Day 18: Rehoboam’s Yoke

Read 1 Kings 12:1-15 and Matthew 11:25-30

The wisdom of this world says look to youth rather than old age and that wielding power produces service, which is what King Rehaboam set out to prove. But the folly of Rehaboam not only proves wrong the wisdom of the world, it proves that even the most powerful kings are like streams of water in God’s hand. He turns them wherever He will. When Rehaboam, ignoring the advice of his elders, instead follows the advice of his friends and threatens the Israelites thusly, “My father made your yoke heavy, but I will add to your yoke. My father disciplined you with whips, but I will discipline you with scorpions,” he was acting in fulfillment to the word the Lord had spoken in the previous chapter of 1 Kings. “Because they have forsaken me and worshipped [other gods] and they have not walked in my ways,” God was going tear the kingdom from the hand of Solomon and it would be divided. “Yet to his son I will give one tribe, that David my servant may always have a lamp before me in Jerusalem, the city where I have chosen to put my name.”

Just as the Lord willed, Rehaboam’s folly led to a divided kingdom of Israel. And in the fullness of time God’s promise to keep a son of David always on the throne in Jerusalem was fulfilled. But not in keeping with the wisdom of the world. The heir to David’s throne would come as a carpenter, only to be nailed Himself to a tree. His rule would be the opposite of Rehaboam’s. Matthew 11 describes the earth shattering means this king would use to build His kingdom.

“At that time Jesus declared, I thank you Father, Lord of heaven and earth, that you have hidden these things from the wise and understanding and revealed them to little children; yes, Father, for such was your gracious will… no one knows the Father except the Son and anyone to whom the Son chooses to reveal him. Come to me, all who labor and are heavy laden, and I will give you rest. Take my yoke upon you, and learn from me, for I am gentle and lowly in heart, and you will find rest for your souls. For my yoke is easy, and my burden is light.”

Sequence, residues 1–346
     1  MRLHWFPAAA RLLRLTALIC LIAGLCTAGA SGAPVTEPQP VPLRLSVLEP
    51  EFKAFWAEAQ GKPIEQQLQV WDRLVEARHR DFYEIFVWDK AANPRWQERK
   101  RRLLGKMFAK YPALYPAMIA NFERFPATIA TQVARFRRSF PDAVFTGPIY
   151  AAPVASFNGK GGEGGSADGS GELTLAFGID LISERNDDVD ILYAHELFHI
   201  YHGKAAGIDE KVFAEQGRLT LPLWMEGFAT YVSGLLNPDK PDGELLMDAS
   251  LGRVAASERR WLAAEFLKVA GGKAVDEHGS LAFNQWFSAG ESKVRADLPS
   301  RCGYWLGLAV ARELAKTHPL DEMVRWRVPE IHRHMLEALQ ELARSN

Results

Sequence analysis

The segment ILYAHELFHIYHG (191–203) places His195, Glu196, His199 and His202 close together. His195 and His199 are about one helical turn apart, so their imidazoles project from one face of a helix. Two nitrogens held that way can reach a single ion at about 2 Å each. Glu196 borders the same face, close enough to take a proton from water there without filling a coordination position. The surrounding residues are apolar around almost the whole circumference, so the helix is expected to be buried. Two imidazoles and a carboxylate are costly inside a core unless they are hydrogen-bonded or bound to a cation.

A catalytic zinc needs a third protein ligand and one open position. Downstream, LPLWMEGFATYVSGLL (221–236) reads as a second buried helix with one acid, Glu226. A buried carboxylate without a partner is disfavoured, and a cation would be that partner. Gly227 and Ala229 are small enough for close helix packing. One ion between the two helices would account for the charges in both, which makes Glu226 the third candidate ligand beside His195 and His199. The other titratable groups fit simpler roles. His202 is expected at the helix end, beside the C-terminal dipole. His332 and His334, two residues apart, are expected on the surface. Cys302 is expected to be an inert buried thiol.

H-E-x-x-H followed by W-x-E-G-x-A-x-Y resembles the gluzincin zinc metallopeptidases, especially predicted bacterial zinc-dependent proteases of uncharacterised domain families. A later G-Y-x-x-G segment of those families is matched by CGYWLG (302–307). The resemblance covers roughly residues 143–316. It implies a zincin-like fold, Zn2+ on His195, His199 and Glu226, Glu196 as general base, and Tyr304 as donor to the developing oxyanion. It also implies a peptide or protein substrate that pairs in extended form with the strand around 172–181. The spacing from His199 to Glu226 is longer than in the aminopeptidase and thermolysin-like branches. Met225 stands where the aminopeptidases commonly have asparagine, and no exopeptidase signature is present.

(After singing Come Unto Me, listen to Handel’s Messiah selections “Then shall the eyes of the blind/He shall feed His flock/His yoke is easy…”)


Click on the About link at the top of the page to find out how we use tiny objects like the one above to help remember each of the 25 people in the genealogy of Christ we will be reading about during the Advent season



One thought on “Day 18: Rehoboam’s Yoke

  1. Up to now I feel I’ve been disciplined in my responses to these blogs this Advent. You know, I’ve kept my replies focused on engaging the ideas. But here is where I’m taking a new turn. Readers, you have no idea what a joy it is to come home to the author of these thoughts every day. She is beautiful through and through and let me tell you, the reflections here flow from a heart that loves Jesus Christ deeply. I’m talking about my sweet wife.


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